We studied the inhibitory effects on colony formation by granulocyte-macrophage colony forming units (cfu-gm) of eight azole antifungal agents in vitro. All agents, except fluconazole, inhibited colony formation dose-dependently with 50% inhibitory concentrations (IC50) in the range of 0.78-49 micromol/L in cultures of murine and human bone marrow. For human cells, the IC50 values were 0.553 mg/L for itraconazole, 1.24 mg/L for saperconazole, 2.58 mg/L for clotrimazole, 5.33 mg/L for miconazole, 6.17 mg/L for econazole, 6.27 mg/L for ketoconazole and 8.38 mg/L for oxiconazole. The IC50 of itraconazole for human cfu-gm in vitro was similar to the plasma level of this drug recommended for systemic antifungal therapy (>0.5 mg/L) thus indicating the potential clinical relevance of our data. The IC50 of ketoconazole for human cfu-gm in vitro may be exceeded by plasma levels produced in vivo by high (> or =400 mg) doses, whereas fluconazole failed to reduce colony formation by 50% even at 100 mg/L, a concentration not reached in vivo even after extremely high doses (2000 mg/day). To most of the drugs studied, murine progenitor cells seemed to be less sensitive than the human ones. There was, however, a close correlation between the murine and human log IC50 values of the drugs (r2 = 0.964, P< 0.001), suggesting that cultures of murine bone marrow may be suitable to predict the in-vitro toxicity of azole antifungals to human cfu-gm.  (+info)

In-vitro resistance to azoles associated with mitochondrial DNA deficiency in Candida glabrata. (2/56)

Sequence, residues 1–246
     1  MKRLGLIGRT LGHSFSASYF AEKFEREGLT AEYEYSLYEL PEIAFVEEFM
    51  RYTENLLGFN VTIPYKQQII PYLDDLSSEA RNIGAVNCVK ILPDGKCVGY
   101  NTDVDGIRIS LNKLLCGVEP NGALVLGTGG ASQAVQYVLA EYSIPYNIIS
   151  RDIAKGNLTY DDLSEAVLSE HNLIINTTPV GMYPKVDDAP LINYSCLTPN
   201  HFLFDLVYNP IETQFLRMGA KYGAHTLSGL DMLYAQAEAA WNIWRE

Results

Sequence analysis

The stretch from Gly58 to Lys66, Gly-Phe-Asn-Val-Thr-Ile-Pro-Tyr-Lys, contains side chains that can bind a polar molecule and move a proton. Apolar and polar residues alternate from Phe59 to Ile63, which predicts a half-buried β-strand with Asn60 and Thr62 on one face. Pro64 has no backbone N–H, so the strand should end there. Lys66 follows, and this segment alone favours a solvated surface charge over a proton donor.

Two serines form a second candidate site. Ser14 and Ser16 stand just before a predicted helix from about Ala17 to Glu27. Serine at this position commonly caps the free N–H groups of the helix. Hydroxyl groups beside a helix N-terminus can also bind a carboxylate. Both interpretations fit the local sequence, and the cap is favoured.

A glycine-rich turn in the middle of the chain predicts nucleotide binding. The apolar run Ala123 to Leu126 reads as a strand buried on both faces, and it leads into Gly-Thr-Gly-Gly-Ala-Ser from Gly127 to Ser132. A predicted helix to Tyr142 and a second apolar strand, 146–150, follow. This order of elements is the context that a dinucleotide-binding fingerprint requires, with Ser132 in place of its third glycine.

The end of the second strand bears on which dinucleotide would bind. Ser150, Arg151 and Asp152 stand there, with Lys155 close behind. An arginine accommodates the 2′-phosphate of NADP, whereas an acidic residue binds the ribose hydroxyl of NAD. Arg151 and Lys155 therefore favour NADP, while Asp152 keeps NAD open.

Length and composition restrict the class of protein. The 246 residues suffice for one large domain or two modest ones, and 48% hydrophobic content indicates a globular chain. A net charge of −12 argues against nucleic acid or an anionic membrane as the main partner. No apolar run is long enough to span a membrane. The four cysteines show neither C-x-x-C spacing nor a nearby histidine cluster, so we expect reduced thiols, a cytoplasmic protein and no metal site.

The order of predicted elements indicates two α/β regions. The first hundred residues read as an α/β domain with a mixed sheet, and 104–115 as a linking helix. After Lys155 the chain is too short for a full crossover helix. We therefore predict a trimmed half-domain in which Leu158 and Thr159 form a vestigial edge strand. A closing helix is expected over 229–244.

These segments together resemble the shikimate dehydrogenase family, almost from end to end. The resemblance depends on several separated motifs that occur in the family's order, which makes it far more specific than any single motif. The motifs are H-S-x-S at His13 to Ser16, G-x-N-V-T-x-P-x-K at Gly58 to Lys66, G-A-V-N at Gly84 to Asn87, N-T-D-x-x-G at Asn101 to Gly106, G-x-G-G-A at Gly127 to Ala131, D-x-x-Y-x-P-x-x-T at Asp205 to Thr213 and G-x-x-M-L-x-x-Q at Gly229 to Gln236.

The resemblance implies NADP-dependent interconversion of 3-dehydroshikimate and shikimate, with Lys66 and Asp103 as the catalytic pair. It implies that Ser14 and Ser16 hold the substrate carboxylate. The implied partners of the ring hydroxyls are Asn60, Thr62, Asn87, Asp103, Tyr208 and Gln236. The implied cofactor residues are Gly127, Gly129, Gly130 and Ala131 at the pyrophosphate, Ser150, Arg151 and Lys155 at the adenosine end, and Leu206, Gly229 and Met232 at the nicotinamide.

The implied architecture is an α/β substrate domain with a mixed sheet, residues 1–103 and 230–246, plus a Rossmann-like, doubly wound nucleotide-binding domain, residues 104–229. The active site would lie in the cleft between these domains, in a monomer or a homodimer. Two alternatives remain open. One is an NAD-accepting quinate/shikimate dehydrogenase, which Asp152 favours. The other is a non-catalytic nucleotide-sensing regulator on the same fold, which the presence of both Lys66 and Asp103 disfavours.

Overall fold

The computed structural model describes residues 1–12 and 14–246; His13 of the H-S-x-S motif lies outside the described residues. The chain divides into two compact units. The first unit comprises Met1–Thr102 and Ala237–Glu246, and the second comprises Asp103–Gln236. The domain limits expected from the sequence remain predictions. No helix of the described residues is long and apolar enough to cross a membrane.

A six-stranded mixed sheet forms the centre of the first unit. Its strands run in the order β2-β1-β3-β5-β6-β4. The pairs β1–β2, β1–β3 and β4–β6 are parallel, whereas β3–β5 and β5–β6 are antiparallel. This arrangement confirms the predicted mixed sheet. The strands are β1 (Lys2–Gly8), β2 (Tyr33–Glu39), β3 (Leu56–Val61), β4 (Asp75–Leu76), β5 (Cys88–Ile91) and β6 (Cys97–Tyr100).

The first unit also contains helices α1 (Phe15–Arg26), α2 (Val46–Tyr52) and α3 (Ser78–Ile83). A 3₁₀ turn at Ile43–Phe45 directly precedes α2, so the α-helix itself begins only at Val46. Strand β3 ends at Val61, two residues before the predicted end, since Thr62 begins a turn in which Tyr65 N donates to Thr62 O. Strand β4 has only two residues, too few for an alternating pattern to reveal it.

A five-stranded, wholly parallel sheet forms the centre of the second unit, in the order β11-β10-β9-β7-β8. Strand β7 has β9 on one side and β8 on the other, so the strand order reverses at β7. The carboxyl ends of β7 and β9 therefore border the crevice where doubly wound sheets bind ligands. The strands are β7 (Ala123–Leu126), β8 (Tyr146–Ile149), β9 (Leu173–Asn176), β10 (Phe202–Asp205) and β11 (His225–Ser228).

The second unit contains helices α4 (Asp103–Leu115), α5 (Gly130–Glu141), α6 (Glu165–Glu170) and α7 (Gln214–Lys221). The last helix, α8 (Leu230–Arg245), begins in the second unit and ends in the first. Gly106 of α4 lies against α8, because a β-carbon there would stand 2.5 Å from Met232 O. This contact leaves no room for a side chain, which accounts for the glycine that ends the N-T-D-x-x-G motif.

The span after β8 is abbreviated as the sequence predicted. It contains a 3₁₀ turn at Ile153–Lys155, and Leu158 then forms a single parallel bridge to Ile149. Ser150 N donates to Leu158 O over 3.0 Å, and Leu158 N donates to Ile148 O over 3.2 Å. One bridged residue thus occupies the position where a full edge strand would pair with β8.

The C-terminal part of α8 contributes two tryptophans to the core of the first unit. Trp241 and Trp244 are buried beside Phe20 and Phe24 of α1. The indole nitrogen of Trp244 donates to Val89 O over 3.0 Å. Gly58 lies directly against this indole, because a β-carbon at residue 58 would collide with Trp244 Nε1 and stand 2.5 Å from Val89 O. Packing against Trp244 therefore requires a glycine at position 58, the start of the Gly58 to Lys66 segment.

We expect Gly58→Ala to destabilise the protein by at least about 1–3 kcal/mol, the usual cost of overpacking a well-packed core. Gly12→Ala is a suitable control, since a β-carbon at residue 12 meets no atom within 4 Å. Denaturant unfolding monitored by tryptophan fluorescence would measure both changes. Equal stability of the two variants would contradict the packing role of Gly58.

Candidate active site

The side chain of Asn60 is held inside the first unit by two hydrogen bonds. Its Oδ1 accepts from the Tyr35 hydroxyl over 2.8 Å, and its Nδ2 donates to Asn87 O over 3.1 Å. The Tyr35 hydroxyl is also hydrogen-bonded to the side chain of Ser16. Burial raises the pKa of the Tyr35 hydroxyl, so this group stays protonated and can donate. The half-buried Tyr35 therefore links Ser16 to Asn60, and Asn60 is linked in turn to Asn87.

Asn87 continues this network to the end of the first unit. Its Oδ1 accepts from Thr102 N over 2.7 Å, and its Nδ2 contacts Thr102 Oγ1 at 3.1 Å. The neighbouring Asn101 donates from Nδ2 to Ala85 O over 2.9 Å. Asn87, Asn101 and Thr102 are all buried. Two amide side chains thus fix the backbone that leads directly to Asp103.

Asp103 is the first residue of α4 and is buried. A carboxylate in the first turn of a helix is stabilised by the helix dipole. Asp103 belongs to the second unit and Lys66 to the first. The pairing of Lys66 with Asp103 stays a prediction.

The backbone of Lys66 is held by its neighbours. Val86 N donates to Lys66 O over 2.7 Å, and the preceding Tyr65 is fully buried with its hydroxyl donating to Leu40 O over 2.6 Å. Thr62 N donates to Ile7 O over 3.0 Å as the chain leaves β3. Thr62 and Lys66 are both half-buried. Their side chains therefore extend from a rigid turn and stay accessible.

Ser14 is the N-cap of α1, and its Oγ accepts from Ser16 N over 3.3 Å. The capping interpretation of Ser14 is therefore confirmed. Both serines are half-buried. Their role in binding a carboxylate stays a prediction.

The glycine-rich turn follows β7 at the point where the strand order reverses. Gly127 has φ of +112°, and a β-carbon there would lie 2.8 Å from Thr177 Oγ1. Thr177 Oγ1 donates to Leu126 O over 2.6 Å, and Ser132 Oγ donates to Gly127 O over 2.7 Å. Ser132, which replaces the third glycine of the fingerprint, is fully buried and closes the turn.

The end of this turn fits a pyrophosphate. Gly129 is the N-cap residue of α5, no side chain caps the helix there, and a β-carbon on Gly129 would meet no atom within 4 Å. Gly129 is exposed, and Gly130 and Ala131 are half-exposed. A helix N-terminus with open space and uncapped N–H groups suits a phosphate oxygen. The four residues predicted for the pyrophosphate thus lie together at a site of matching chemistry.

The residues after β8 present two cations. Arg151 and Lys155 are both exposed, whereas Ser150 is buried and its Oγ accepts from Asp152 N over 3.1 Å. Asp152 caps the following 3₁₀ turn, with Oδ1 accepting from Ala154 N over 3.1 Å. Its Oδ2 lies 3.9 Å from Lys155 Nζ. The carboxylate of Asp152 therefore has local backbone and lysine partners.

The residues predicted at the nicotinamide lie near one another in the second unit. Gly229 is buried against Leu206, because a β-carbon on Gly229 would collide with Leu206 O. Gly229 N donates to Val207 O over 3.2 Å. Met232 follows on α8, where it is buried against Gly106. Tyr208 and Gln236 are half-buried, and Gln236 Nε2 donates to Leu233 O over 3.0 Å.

A commercially available disk diffusion procedure was used in a large-scale study to evaluate the susceptibility of a wide range of Candida isolates to polyenes and azoles. With almost all isolates of C. glabrata resistant colonies were present within the inhibition zones for the azole compounds fluconazole, ketoconazole and miconazole, and less frequently for isoconazole, econazole and clotrimazole. Ten randomly selected isolates were cloned by limiting dilution and the susceptibility of the resulting strains to polyenes and azoles was determined. All strains presented a similar susceptibility pattern with sensitivity to polyenes and the presence of resistant colonies for all azole compounds except tioconazole. For each strain and each antifungal agent, one of these resistant colonies was subcultured and studied for antifungal susceptibility. All these colonies showed similar properties regardless of which antifungal agent allowed their selection, with increased sensitivity to polyenes and cross-resistance to the azole compounds except tioconazole. Similar results were obtained on Shadomy's modified medium and on synthetic medium. Likewise, determination of MICs by the Etest method confirmed the resistance to fluconazole. Comparative growth studies revealed a respiratory deficiency in the mutants caused by mitochondrial DNA (mtDNA) deletions. In addition, 'petite' mutants were obtained from a wild-type strain by exposure to ethidium bromide, and these respiratory mutants were shown to be resistant to azoles. These results demonstrate the relationship between mtDNA deficiency and resistance to azoles, and provide an interesting model to study the mechanisms of action of these antifungal agents.  (+info)